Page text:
March 6 —
Today at 5pm, in 1836, a dreadful silence breaks out over a former mission and important but indefensible fort. The shelling is over, and the uneasy quiet is louder than the shelling that had preceded it. On 6 March 1836, at the Battle of the Alamo, Santa Anna’s forces killed 189 Texan defenders and later executed more than 342 Texan prisoners including James Walker Fannin at the Goliad Massacre (27 March 1836) in a manner similar to the
executions he witnessed of Mexican rebels in the 1810s as a young soldier. The few survivors are quickly rounded up and executed by order of the commanding general, Antonio De Lopez Santa Anna. It was his intention to
prevent the men from re-grouping and coming after him, as well as to prevent them from becoming martyrs. The defeat at the Alamo however served its real purpose of buying time for General Sam Houston and his Texas forces.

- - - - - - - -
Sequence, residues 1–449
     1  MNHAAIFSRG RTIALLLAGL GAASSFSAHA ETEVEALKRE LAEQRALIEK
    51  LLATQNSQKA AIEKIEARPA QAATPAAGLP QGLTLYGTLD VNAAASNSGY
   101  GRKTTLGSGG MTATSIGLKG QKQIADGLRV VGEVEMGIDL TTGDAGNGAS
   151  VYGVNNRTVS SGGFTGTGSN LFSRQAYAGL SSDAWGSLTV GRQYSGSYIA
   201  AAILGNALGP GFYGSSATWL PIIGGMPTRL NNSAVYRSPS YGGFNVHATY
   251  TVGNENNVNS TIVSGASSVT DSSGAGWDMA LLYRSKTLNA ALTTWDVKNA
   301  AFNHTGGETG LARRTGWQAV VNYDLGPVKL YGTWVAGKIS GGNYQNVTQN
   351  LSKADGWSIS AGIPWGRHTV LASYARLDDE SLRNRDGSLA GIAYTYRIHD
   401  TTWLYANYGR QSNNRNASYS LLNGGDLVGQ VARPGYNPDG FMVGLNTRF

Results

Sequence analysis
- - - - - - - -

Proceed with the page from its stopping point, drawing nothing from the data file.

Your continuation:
Houston and his soldiers defeated Santa Anna at the Battle of San Jacinto on 21 April 1836, with the Texan army shouting “Remember Goliad, Remember the Alamo!” The day after the battle, on 22 April, a small band of Texan forces led by James Sylvester captured Santa Anna, dressed in a dragoon private’s uniform and hiding in a marsh.
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Photo courtesy of wikipedia.com